One of the new Republican House members is Elise Stefanik, who decisively won a three-way race on Nov. 4 for the 21st District seat Rep. Owens chose to retire from. — Gordon Woodworth

Emphasis on constituent service

Asked her first priority once in office, Ms. Stefanik said, “My first priority is to make sure our constituent services are top-notch. The congressional office is often the #1 problem solver in many people’s lives, whether it’s veterans issues or Social Security needs, and that is something that regardless of party lines, members of Congress are often judged by how strong their constituent services are.

“So I’m prioritizing setting up strong constituent services and also I’m going to continue traveling around the district and launch my mobile office, which is a promise I made during my campaign, so you will be seeing that soon.”

She said of serving in Congress, “This is an extraordinary honor and privilege. Only slightly more than 10,000 Americans have ever served in the United States Congress in the history of our country. To be one of those individuals is truly an honor. You’re working for the people, and we all share that. Regardless of party affiliation, people are excited to be here and to go to work for their district.”

Friends for life with class members

Ms. Stefanik said that so far the experience “is sort of surreal in some aspects. It’s sinking in, and it takes a long time to sink in because you are receiving so much information at such a fast pace and you’re meeting so many different people from across the country. There are moments, though, when you really look around and pinch yourself and say, ‘Wow.’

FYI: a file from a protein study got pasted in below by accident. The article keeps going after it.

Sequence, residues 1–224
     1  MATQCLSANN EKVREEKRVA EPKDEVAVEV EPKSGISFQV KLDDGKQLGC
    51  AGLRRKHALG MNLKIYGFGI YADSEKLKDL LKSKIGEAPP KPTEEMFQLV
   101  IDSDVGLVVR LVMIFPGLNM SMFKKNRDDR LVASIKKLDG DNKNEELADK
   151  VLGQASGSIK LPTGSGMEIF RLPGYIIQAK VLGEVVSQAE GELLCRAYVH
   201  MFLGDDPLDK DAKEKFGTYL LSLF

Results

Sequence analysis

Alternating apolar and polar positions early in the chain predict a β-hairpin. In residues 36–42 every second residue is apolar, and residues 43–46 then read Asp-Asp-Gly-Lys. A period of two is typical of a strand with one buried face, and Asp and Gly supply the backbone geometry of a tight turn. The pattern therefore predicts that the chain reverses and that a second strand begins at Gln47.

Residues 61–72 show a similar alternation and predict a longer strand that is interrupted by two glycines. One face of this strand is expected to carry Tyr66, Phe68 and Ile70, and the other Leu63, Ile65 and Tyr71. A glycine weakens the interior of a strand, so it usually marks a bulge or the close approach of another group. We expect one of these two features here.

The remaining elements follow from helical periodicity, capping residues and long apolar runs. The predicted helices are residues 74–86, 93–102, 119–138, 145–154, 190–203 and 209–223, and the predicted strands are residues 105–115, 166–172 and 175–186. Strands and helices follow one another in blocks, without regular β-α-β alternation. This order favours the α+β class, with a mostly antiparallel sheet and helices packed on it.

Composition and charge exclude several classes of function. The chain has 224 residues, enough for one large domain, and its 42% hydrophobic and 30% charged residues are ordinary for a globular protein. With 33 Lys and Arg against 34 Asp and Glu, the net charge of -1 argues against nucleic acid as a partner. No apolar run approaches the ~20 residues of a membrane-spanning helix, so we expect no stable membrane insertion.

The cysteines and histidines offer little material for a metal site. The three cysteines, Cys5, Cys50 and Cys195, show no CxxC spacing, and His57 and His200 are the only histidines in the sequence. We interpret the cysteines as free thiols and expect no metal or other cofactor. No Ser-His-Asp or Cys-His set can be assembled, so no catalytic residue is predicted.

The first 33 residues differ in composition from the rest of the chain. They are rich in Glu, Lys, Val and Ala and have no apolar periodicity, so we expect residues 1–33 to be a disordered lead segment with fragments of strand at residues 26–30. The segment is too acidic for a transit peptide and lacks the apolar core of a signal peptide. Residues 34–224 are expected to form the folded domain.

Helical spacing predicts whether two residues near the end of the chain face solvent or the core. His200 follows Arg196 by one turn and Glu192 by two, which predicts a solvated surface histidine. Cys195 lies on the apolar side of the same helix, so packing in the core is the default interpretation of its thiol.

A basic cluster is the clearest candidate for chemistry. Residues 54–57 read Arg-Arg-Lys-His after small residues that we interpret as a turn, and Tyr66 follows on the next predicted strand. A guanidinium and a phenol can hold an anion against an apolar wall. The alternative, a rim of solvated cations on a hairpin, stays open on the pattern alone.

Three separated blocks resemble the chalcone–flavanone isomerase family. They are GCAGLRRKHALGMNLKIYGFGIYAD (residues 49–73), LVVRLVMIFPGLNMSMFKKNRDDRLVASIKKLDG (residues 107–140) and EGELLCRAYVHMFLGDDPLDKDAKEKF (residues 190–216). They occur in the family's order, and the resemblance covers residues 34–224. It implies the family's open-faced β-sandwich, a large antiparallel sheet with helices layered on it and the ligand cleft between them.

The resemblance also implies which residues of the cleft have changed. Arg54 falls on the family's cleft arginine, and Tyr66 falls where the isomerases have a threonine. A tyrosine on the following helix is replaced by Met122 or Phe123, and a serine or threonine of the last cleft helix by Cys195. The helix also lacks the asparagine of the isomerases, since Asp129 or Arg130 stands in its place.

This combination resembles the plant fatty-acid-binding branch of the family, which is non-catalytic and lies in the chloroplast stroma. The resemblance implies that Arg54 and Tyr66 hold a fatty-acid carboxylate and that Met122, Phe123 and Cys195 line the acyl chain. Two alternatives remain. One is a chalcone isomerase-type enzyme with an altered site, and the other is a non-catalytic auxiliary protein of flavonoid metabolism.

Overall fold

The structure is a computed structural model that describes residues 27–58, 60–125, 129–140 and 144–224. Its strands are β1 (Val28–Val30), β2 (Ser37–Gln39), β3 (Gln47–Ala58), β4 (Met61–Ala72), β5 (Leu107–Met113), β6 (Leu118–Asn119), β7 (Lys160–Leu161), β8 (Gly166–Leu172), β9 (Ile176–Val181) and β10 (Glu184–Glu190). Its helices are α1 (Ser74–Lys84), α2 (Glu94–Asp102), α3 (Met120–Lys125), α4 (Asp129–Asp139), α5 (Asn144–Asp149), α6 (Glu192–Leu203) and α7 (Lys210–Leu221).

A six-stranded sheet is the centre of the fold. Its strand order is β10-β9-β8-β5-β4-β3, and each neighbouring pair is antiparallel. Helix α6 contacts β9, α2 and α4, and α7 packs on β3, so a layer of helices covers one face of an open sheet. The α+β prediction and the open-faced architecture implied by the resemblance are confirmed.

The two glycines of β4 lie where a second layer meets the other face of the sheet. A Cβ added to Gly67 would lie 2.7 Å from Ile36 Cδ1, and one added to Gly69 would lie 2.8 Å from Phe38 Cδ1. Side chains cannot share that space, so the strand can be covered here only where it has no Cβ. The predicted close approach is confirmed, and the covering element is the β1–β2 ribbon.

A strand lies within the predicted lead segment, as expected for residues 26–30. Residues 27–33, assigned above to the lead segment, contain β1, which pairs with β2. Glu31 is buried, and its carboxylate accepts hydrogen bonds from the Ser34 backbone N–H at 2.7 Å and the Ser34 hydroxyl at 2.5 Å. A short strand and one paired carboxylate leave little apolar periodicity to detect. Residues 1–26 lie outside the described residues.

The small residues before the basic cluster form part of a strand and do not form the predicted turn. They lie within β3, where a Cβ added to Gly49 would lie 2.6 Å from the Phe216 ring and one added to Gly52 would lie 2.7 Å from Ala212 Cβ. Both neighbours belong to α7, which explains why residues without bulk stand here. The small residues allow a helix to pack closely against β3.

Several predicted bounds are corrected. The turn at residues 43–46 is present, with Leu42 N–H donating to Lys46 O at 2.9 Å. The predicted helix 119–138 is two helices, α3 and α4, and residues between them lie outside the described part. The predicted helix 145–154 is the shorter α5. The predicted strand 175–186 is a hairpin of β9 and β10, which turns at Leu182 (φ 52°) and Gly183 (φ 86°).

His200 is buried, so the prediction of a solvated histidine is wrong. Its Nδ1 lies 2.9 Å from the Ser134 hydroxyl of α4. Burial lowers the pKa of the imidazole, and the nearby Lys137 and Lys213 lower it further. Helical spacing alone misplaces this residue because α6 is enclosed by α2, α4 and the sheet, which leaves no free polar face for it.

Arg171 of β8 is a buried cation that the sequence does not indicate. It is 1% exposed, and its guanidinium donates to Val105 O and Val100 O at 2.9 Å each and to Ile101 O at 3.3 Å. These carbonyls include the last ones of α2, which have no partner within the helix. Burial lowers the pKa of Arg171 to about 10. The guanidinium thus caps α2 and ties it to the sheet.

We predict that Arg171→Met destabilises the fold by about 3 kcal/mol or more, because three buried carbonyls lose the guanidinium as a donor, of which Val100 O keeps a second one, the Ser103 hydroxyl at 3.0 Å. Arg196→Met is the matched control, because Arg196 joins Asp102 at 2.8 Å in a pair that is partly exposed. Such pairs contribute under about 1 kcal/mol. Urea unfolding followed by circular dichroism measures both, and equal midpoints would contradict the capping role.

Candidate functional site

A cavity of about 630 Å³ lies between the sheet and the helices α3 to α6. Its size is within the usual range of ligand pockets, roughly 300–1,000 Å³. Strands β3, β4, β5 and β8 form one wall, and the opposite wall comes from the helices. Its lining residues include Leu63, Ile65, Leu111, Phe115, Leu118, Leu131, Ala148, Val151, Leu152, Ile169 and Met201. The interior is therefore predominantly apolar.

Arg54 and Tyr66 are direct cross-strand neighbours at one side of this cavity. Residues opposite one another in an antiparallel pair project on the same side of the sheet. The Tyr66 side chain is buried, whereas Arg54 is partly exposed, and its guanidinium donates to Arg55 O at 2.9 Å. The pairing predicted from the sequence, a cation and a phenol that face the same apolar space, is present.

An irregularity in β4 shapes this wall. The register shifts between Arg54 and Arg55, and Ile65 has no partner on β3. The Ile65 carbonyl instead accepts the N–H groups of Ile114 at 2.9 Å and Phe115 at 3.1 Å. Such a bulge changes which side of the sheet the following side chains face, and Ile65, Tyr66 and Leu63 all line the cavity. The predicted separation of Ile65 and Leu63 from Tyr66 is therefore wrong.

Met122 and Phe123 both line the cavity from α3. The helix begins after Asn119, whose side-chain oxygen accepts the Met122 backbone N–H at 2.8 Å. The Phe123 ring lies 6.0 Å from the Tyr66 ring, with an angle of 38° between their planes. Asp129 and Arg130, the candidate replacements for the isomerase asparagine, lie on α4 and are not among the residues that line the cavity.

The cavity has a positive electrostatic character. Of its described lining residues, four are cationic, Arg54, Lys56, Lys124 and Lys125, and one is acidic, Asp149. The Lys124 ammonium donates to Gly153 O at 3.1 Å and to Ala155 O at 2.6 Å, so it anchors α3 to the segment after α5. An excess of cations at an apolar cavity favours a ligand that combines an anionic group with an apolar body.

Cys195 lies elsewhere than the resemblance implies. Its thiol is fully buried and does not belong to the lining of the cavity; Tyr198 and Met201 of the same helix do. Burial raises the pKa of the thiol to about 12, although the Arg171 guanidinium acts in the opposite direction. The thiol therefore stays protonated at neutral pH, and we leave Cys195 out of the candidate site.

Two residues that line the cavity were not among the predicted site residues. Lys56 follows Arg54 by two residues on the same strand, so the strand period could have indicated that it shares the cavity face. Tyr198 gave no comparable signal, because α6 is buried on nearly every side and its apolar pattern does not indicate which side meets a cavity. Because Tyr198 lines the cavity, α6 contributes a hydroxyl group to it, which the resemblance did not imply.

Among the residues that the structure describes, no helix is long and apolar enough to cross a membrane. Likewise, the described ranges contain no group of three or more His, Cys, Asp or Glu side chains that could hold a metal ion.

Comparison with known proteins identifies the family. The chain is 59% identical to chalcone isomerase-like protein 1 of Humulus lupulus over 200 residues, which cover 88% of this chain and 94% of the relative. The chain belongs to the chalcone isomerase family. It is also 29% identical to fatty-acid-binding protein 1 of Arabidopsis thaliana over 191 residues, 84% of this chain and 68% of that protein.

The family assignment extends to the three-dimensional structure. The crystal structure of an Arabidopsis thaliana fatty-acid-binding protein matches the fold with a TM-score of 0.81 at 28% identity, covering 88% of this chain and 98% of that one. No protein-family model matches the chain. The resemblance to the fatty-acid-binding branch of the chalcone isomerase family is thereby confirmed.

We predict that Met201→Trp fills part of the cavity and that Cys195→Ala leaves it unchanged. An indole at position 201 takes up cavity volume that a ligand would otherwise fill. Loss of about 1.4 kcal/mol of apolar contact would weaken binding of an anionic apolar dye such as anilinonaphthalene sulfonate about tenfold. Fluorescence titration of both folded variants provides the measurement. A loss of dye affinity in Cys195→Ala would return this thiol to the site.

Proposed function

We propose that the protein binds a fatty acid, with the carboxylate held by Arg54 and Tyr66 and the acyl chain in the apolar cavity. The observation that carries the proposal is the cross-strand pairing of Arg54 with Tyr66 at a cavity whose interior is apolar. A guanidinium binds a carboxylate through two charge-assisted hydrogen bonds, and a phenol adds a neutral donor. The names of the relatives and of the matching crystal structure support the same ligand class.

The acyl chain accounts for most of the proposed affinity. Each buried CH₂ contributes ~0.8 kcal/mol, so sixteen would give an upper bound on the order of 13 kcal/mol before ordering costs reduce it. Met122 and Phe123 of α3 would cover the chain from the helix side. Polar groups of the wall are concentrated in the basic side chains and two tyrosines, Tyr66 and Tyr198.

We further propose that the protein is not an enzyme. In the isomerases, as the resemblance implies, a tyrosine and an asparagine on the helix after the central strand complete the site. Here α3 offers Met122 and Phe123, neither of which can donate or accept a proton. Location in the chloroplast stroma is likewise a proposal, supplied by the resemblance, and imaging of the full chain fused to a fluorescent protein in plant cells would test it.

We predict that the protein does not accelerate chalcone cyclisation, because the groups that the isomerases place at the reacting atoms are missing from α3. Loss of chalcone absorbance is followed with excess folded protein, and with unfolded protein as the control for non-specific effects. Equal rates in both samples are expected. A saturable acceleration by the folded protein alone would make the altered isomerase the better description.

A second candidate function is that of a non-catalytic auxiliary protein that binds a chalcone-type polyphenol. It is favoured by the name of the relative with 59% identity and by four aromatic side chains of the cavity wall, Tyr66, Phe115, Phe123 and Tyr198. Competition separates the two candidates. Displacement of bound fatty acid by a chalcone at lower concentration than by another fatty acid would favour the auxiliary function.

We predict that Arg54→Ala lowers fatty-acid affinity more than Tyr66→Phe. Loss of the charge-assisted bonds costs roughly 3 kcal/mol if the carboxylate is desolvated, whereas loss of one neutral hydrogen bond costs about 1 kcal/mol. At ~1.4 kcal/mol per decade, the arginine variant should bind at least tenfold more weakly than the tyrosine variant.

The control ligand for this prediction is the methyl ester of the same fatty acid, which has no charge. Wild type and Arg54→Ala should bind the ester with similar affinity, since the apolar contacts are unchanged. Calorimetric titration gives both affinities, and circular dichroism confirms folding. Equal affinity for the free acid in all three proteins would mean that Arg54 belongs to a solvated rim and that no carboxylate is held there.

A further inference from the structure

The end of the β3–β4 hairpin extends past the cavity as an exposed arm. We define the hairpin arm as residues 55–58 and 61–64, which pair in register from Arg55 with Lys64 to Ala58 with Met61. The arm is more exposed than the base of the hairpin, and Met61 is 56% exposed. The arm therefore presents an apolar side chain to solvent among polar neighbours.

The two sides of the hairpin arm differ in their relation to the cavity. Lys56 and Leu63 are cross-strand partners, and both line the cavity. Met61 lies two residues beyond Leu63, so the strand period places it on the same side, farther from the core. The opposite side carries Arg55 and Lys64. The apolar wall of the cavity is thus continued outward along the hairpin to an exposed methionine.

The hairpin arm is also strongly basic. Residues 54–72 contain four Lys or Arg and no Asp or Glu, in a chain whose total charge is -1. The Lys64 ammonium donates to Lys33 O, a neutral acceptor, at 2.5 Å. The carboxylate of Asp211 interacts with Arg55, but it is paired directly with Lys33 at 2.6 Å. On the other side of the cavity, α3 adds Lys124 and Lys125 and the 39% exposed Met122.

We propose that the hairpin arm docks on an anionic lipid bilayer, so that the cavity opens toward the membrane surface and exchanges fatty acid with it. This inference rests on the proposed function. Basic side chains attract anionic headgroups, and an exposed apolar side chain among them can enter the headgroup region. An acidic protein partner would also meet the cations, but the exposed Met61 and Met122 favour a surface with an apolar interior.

“A lot of it is informational sessions about how to set up an office, technology briefings to get your technology set up… and there’s an opportunity to socialize and get to know the other members.

“And what I have found interesting is some of the panels with current members of Congress. They are bipartisan panels and they give advice. It’s a way to really learn from them and also to just meet your classmates.

“What older members will tell you is the bonds that you have with your newly elected classmates, whether it’s across the aisle or within your own party, nothing really replaces that. You stay close throughout the rest of your career.”

Ms. Stefanik, in results that are still unofficial, won with 63.2% of the vote (89,764 votes). Democrat Aaron Woolf received 32.3% (54,567 votes). Green Party nominee Matt Funiciello received 10.9% (18,404 votes).

About Keystone & climate change pact with China

What does Elise Stefanik think of the climate change pact President Barack Obama signed last week with China?

“I have to look further at the details, but I certainly think that we need to deal with global warming as a global entity. It’s not something where the U.S. can go it alone,” she said.

“I think we need to bring India to the table as well, given how quickly they are developing. I haven’t looked at all of the details, and it’s certainly an important priority, but more important is energy independence and energy security for the United States.

“One of the last pieces of legislation that was voted on [last] Friday was the Keystone pipeline. Congressman Owens voted in favor of it, breaking with some members of his party, and I commend him for his bipartisan leadership.

“I think it’s an example of an issue where we really need to prioritize an all-of-the-above approach. That means American-made energy which will help lower energy costs, improve our environment and make it more affordable for hard-working families and small businesses.” — Gordon Woodworth

Copyright © 2014 Lone Oak Publishing Co., Inc. All Rights Reserved.